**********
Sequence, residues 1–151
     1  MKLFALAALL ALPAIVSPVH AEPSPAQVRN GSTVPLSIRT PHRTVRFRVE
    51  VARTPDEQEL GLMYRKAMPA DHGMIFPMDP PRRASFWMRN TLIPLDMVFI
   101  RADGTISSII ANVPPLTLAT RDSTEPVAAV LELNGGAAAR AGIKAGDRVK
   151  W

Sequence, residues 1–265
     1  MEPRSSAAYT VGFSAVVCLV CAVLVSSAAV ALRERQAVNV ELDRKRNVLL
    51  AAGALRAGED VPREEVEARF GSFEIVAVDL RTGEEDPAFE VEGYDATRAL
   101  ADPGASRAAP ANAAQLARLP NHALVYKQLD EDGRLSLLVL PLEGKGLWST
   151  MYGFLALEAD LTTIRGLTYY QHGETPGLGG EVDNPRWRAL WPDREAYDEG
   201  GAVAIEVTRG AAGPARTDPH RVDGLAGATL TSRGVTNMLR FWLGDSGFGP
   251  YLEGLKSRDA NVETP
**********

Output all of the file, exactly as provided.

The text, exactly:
Sequence, residues 1–151
     1  MKLFALAALL ALPAIVSPVH AEPSPAQVRN GSTVPLSIRT PHRTVRFRVE
    51  VARTPDEQEL GLMYRKAMPA DHGMIFPMDP PRRASFWMRN TLIPLDMVFI
   101  RADGTISSII ANVPPLTLAT RDSTEPVAAV LELNGGAAAR AGIKAGDRVK
   151  W

Sequence, residues 1–265
     1  MEPRSSAAYT VGFSAVVCLV CAVLVSSAAV ALRERQAVNV ELDRKRNVLL
    51  AAGALRAGED VPREEVEARF GSFEIVAVDL RTGEEDPAFE VEGYDATRAL
   101  ADPGASRAAP ANAAQLARLP NHALVYKQLD EDGRLSLLVL PLEGKGLWST
   151  MYGFLALEAD LTTIRGLTYY QHGETPGLGG EVDNPRWRAL WPDREAYDEG
   201  GAVAIEVTRG AAGPARTDPH RVDGLAGATL TSRGVTNMLR FWLGDSGFGP
   251  YLEGLKSRDA NVETP